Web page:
Librarians Need to READ© – Author’s Table of Contents

Editor’s note: This is a follow-up to the June 2011 Spectrum article, “Librarians Need to READ©.”  What follows is author Jacqueline Cantwell’s initial table of contents for a manual for librarians assisting SRLs.


  • Welcome librarian and let her know that she is entering a tradition. List current and past librarians’ involvements in local associations.
  • Write how daily work contributes to the larger goal of the library. 
    • Use insight from Sally Engle Merry’s study, Getting Justice and Getting Even: Legal Consciousness Among Working-Class Americans, shows how self-represented litigants (SRLs) want a fairer life and see the courts as a way to achieve that.
    • Provide contacts within court system, especially self-help centers.
    • History of collection—why things got cut, policy decisions for various areas. Annotate core items of collection by drawing upon reference databases like notes.
    • Use data collected from reference database to give a percentage of questions. For instance, it would be interesting to know how many questions are requests for commercial forms.
    • Problem here: With the shift to online, many patrons skip the librarian and fruitlessly wander online databases. Our contract negotiations with Lexis may have to include reports on types of questions. I have asked for this information from Lexis and was told that searches were confidential. I need that data; and, as I remember from my union days, everything can be negotiated.

Manual—Standards and Checklists

  • RUSA (Reference and User Services Association of the American Library Association) Guidelines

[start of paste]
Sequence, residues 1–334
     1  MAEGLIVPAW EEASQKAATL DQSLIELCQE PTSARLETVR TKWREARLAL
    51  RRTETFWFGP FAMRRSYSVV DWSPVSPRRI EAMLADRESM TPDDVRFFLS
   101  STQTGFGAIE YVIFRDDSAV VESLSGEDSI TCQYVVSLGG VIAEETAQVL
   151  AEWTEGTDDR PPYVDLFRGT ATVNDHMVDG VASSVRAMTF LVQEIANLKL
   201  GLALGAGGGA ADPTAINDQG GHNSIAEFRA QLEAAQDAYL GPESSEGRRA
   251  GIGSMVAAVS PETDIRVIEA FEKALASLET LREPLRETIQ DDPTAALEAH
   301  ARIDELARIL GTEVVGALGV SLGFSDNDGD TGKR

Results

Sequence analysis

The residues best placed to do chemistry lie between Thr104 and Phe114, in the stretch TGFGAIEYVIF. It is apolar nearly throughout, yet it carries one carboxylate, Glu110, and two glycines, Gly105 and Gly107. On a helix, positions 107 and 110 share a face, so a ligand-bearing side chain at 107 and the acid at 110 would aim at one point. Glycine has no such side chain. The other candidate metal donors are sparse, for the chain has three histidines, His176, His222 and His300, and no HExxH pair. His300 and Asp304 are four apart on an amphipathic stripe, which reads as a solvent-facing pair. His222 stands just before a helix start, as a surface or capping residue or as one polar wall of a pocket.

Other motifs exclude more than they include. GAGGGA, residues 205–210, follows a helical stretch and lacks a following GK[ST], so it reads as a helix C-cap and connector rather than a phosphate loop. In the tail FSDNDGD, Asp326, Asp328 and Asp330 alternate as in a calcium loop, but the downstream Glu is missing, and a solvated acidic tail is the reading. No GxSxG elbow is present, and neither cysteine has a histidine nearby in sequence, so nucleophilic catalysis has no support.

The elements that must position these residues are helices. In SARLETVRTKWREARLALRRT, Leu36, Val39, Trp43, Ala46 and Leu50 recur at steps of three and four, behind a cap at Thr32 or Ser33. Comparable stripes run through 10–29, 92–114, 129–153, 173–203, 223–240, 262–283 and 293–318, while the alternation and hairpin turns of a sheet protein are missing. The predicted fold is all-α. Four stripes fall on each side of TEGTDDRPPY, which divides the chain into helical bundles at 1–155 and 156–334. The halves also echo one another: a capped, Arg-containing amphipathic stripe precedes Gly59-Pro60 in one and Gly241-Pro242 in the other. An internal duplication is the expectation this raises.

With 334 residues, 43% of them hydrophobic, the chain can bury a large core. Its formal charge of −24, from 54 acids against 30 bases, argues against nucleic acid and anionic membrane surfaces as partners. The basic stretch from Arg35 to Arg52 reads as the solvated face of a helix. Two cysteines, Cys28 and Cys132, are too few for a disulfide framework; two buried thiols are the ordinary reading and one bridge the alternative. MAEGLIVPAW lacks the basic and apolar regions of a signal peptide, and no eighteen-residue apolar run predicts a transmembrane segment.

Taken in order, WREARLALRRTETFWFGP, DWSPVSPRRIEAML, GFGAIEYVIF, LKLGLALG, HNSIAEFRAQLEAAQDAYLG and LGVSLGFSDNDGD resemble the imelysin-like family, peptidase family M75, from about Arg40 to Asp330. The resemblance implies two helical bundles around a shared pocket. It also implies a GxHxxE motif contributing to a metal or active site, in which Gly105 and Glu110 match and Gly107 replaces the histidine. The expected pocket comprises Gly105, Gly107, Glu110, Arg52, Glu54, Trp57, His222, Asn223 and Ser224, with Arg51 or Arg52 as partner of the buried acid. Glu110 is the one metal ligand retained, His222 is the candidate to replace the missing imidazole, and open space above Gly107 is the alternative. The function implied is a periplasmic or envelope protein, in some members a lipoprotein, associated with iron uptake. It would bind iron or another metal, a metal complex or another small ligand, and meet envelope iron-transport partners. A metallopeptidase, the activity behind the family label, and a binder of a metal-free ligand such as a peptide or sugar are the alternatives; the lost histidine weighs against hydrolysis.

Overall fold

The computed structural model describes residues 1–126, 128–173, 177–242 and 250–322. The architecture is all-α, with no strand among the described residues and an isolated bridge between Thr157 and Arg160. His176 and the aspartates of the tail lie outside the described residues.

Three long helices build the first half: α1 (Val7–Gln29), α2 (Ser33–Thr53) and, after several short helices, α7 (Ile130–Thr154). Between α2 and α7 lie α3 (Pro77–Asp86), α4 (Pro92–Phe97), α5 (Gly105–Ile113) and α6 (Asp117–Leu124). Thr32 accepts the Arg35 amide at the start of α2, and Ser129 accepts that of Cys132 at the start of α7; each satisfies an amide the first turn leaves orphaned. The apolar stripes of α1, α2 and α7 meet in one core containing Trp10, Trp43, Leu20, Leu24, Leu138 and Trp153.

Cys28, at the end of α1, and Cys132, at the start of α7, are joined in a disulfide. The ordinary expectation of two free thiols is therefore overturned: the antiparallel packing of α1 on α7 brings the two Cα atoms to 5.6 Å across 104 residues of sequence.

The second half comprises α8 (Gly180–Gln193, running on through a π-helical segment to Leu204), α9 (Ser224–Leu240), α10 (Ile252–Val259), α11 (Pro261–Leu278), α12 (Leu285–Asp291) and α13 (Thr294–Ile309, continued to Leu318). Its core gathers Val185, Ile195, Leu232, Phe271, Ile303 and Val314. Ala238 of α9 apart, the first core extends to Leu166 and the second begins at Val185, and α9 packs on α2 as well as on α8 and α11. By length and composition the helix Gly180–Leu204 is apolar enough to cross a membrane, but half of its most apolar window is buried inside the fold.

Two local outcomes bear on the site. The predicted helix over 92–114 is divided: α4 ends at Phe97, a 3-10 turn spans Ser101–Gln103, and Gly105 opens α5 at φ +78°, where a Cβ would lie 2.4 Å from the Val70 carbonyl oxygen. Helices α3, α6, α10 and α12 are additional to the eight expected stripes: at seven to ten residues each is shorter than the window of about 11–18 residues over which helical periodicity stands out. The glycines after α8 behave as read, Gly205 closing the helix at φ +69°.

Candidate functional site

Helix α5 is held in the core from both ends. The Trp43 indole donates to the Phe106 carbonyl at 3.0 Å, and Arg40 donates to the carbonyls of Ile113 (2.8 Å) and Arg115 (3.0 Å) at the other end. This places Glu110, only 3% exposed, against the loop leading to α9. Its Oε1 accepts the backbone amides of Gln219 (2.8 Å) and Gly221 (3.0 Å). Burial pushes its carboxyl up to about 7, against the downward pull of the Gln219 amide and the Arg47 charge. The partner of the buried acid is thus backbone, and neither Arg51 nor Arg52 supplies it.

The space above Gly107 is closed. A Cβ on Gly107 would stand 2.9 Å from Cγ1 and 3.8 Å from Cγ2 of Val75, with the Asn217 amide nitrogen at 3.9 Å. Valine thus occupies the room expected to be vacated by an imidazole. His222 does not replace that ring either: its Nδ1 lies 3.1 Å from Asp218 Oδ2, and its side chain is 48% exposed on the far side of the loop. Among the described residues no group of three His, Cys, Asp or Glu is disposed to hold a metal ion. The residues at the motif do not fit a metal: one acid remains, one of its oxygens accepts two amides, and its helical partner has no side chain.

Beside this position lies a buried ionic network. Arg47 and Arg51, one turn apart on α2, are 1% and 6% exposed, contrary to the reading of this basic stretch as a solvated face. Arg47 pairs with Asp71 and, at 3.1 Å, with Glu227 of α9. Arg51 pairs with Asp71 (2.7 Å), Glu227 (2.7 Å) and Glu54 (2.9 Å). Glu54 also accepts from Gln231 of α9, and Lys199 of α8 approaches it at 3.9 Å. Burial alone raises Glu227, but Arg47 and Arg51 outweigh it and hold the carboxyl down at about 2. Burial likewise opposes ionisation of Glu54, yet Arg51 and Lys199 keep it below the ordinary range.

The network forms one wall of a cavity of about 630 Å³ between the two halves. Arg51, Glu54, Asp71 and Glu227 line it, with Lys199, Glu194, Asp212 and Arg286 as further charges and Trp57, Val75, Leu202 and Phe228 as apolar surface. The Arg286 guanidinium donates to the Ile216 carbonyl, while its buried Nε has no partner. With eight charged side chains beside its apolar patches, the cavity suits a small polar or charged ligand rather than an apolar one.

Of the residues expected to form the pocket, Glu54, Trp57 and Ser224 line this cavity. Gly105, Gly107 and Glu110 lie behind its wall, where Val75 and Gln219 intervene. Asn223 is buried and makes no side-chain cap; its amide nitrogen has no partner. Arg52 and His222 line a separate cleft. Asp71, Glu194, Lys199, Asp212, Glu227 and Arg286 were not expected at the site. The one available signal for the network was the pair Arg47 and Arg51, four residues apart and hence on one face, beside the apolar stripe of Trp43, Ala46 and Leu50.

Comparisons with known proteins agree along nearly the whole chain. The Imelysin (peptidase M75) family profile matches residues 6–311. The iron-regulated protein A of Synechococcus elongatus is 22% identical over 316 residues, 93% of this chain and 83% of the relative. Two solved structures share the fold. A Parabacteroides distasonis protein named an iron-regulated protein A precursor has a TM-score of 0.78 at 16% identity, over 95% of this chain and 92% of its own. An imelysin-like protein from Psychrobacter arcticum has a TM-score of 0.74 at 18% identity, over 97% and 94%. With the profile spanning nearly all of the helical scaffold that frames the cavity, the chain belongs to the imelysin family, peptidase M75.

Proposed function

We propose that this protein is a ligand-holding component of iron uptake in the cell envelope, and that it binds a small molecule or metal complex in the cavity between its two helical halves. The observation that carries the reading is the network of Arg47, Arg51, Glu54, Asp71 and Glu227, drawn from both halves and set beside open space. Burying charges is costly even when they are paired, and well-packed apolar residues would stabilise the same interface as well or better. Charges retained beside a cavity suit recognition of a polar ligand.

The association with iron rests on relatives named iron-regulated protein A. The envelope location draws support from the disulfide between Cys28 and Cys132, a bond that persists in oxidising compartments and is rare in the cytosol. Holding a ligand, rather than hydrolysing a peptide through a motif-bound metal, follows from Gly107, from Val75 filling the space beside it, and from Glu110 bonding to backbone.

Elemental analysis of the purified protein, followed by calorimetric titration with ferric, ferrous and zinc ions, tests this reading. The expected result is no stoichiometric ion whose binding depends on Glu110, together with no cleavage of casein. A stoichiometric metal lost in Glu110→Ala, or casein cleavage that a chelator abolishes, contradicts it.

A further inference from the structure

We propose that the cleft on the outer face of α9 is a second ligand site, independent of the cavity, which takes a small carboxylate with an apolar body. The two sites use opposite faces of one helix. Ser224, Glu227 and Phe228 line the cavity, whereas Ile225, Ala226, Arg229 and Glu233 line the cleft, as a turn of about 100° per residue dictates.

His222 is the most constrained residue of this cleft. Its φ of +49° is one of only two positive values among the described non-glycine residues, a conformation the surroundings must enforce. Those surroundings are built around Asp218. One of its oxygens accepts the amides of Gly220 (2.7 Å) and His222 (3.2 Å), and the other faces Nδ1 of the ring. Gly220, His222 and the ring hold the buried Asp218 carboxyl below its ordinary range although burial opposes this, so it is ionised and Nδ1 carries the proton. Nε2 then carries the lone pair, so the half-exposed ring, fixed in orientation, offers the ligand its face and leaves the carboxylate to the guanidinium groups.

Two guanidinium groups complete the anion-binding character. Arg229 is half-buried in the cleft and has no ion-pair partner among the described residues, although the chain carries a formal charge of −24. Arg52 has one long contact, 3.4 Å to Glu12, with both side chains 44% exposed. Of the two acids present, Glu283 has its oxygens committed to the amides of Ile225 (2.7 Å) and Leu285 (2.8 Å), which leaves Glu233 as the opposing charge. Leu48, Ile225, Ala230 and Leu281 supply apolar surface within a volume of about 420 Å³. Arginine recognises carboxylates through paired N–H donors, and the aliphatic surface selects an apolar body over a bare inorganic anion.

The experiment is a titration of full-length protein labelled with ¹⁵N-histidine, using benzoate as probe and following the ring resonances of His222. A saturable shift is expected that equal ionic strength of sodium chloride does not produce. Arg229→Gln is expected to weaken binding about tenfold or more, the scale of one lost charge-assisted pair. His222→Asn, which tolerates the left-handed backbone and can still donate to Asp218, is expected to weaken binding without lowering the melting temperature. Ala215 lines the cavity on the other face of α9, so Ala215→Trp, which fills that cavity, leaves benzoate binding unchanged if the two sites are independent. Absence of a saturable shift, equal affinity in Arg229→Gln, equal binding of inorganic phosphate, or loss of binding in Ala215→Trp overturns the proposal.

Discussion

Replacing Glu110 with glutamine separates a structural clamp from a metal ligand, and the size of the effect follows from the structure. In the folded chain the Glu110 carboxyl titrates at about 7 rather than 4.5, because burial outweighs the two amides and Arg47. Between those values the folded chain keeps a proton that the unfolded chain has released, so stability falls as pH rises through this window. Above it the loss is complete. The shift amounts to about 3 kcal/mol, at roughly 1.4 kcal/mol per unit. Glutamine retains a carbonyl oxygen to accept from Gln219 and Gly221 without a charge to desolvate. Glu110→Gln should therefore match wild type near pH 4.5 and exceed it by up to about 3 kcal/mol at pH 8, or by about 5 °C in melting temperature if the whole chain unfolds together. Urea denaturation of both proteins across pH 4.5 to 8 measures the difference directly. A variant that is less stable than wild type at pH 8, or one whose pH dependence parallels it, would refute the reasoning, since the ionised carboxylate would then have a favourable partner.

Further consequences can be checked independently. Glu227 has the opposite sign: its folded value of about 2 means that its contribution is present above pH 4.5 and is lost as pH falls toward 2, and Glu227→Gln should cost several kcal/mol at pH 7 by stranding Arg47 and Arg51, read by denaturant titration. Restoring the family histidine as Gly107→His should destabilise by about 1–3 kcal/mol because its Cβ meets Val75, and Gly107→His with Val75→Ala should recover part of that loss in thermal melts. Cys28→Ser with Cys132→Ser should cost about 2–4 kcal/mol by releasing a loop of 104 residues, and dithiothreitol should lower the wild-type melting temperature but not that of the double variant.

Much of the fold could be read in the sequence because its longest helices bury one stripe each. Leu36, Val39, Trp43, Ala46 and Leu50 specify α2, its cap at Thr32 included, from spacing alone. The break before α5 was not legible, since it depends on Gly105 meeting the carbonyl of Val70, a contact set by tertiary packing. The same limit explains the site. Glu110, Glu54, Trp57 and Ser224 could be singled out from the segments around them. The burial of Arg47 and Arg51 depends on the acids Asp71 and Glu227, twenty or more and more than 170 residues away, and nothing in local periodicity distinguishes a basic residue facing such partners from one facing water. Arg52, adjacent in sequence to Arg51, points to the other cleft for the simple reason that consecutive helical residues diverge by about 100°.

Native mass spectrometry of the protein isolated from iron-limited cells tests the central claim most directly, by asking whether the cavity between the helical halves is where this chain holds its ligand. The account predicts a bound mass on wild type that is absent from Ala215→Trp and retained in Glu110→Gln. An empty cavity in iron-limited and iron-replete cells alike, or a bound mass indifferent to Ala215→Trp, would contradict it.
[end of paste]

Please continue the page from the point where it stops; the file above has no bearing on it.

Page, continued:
• READ© Scale. Use the READ© scale and the reference database to evaluate the knowledge required to answer a question and appropriate levels of customer service
  • Teresa Welsh’s intern evaluation sheet for the University of Southern Mississippi Library and Information Science practicum program is wonderful. She thought through what makes an excellent librarian. This form could be applied to staff evaluation, not just interns. University of Michigan checklist for job interviews—a good way to monitor one’s work and career path before that job interview.
  • Checklists from Judicial Opinion Writing Manual
  • Research tables from Callister’s “Time to Blossom”
  • Now is there a way to incorporate these checklists into a prompt for reference encounters. Virtual and telephone staff have checklists. Can our terminal real estate include a prompt pop-up?

Manual—Interview Training

The training skits and examples I wanted can be found on YouTube and the web. Coordinating a training program with the checklists above and web-based programs would be enough to start an in-house program.

  • is a great resource. I need to go through its YouTube videos and incorporate its insights into my daily work. I really enjoyed “When Bad Things Happen to Good Librarians”
  • YouTube has an amazing number of videos for staff training that provide hints on how to handle difficult situations. Some are hilarious. Try “The Professional Librarian.” The Los Angeles Law Library has a nice video that is only six minutes, but would be a good start for a staff training session. Unfortunately, I have not found any videos of reference problems with SRLs.
  • Infopeople and Ohio Library are good sources for staff training. Infopeople has a good list of open-ended and neutral questions.
  • Review the glossary to an interview textbook after watching videos. Our reference desk situations are not unique. We can take advantage of theory to gain perspective on our work.
  • Ask a colleague unknown to library users to observe the library and how staff act. 


Jacqueline Cantwell ( is senior law librarian at the Brooklyn Supreme Court Library in New York.

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June 2011

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